(Notes: All opinions are my own)
I had been introduced to my first startup client through a friend who thought I would be capable of delivering a solid output to the two-people founding team of an aspiring e-learning startup from my home country, Italy.
He thus proceeded to connect me with the prospective founders, who I met in the following days to discuss the project’s scope, requirements and final deliverables.
The two co-founders were aiming to gather seed capital for their venture by having a few angel investors run over a pitch deck as well as a detailed financial report. The two documents would have to expose the market opportunity and the viability of their business model.
I had 3 months to submit the above deliverables to the team, which had no time to dedicate to the task since they were busy with the day-to-day operational activities of running their venture.
I learned a ton during the experience, and in the end the work enabled the team to get the seed capital they needed to finance the product’s launch.
Independently of the result, this article aims to share the key takeaways anyone who is about to consult for a startup for the first time should keep in mind.
Put domain knowledge and passion above the reward
As you are put in front of the project’s proposal, you may feel an urge to accept it, especially as you see the activity as a first and important steps towards building your personal brand and consulting portfolio.
You also may perceive the excitement of the client and their pressure to get the project started. Before fully committing to the task, always ask yourself:
- Are the industry and business domain aligned with topics I am genuinely passionate about?
- Are the project’s activities in line with my best skills and competences?
These questions allow you to shift your focus from being oriented on the reward for completing the project to seeing the activity as an opportunity to grow by helping a company launch a product/service close to your inner passions and skills.
If you do this, you are going to be driven towards projects which are going to be much more in sync with your core skills, and the probability of you delivering at-or-above expectations will likely increase.
At this point, the reward will be a natural consequence of your great work, and not something to laboriously strive towards.
Develop a relationship with the founding team that goes beyond the project’s scope
Understanding your client well is critical in any project. I would argue that doing so when your client is a startup’s founding team is even more critical.
When consulting for a startup, especially in their earliest stages, building rapport is essential to really grasp where the team is coming from in terms of the deepest motivations that get the founders excited about building and scaling their venture.
This is going to help you tremendously, as it may allow you to even move from being viewed as merely “the external consultant” to an active member of the team, able to introduce new ideas and perspectives to the project.
It is a win-win situation as the team is going to enjoy working with you and leveraging your expertise and viewpoints, while at the same time you are going build a more positive working collaboration which may lead to further work down the line.
In essence, moving the project’s relationship from simply transactional (“you pay me and I will put the financial report together”) to deeply collaborative in nature will benefit all parts and have positive spillover effects on the output.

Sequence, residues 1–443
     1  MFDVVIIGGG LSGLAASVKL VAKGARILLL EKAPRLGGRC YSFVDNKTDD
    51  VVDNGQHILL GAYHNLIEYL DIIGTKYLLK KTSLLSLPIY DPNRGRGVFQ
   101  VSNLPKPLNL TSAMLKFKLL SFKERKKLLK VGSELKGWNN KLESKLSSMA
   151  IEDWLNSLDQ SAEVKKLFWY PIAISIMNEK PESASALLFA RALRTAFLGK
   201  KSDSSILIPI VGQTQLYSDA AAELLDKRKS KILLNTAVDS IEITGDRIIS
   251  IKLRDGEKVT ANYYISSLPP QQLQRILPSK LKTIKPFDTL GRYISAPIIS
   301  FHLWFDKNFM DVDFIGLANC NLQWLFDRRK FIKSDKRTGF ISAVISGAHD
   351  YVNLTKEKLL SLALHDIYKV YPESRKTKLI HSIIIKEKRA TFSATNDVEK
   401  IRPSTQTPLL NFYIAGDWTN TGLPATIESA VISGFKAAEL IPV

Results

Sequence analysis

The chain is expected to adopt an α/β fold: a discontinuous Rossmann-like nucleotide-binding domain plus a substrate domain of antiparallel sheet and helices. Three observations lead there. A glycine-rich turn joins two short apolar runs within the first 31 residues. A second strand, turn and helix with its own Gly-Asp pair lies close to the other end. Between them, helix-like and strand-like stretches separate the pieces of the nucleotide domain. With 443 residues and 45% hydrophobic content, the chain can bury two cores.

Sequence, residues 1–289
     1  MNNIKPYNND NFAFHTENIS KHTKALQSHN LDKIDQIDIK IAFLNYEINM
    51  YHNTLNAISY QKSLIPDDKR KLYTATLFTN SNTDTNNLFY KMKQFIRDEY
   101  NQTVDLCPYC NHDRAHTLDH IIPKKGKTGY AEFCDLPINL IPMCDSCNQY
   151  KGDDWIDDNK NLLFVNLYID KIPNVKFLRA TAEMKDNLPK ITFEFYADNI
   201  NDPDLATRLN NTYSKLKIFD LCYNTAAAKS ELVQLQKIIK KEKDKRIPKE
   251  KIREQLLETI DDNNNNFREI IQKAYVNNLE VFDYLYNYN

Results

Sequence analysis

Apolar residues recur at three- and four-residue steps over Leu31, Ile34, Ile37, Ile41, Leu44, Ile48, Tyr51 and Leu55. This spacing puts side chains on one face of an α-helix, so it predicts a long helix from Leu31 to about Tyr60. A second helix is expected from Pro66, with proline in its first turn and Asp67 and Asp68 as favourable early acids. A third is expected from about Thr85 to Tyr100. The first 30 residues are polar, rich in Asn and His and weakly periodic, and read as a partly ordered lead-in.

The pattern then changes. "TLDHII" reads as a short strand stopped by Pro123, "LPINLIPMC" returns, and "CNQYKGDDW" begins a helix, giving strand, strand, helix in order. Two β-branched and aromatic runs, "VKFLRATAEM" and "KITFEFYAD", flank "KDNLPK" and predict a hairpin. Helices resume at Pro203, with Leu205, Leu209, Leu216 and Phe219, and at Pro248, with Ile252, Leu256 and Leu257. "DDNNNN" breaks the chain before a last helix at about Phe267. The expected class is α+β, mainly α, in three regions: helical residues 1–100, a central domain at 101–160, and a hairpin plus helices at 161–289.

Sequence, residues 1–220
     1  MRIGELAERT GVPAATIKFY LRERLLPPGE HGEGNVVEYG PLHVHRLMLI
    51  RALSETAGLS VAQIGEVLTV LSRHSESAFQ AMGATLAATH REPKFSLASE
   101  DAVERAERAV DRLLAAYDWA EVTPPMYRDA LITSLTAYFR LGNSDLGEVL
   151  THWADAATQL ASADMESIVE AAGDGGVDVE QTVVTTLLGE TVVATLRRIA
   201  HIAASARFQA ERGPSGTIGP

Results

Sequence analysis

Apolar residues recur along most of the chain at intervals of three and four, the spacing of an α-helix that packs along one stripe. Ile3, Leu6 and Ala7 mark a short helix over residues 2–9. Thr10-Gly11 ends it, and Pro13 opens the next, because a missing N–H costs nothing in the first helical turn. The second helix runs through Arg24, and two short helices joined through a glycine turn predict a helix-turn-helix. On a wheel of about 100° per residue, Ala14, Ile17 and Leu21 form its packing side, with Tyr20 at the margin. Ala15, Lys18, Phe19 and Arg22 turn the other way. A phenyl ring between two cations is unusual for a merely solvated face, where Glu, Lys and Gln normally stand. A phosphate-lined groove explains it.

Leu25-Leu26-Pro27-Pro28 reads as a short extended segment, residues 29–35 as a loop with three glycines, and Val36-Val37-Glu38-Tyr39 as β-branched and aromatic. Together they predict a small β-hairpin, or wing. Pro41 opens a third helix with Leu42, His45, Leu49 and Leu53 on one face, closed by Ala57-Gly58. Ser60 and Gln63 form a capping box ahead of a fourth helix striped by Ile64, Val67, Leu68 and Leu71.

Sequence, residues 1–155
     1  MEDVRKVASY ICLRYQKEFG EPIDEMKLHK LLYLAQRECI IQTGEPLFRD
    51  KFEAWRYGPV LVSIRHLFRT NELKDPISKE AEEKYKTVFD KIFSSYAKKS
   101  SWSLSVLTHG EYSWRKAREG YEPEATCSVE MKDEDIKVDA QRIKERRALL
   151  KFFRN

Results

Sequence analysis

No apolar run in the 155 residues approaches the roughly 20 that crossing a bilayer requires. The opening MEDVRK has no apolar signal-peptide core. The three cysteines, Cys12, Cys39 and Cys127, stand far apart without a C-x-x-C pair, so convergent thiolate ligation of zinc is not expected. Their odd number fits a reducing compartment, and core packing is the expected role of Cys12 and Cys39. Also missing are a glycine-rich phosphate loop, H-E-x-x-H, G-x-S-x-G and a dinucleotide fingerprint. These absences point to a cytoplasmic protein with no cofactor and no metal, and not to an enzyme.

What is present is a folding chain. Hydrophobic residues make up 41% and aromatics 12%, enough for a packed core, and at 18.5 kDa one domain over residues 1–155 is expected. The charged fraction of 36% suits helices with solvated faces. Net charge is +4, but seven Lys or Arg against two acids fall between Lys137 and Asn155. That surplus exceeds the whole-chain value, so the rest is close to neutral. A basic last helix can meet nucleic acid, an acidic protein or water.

Therefore, never pass on an opportunity to get to know your startup clients better, whether that means having coffee with them, understanding the relationships and teamwork between founders and their team, etc.. , as all of this “meta information” is really going to enhance the overall experience.
Be ultra-clear on pricing terms (upfront!)
During my first project, I had a bad experience not following this advice. I was vaguely told by the two founders I was going to be rewarded based on the quality of the output, and that the reward would have been decided by then as we went along.
At the time, I did not think much of this and verbally agreed to the very general terms, as I was very excited to play my part in the launch of an e-learning platform whose business model and mission I was definitely in support of.
At project’s end, I ended up being very happy about the experience but not so much in terms of the compensation for the hard work put into it.
Do not repeat my mistake! Always put pen on paper, so to speak, and clarify how much you are going to be compensated by, and in what form (cash, equity in the startup, etc..).
Being transparent on this step right from the start will save you a ton of bad surprises and time wondering how you are going to approach the founders and discuss compensation at project’s end.
You will also avoid exposing yourself and give leverage the your client, whose circumstances might change 3/4 months down the line, especially in the ever volatile startup environment.
Consulting for a startup is exciting and will get you exposed to all sorts of interesting ventures and people working on exciting and potentially very innovative ideas.
To get the best out of the experience, make sure you:
- Align your passions and interests to the project’s core work
- Relate to your client in a professional yet engaging manner, to develop a deeper and more satisfying project relationship
- Put transparency first when it comes to discussing the project’s compensation, thus avoiding running into negative surprises down the line.
Not all startup consulting projects are born equal, but hopefully these tips will be useful for starting off your first one in the right way. Thanks for reading!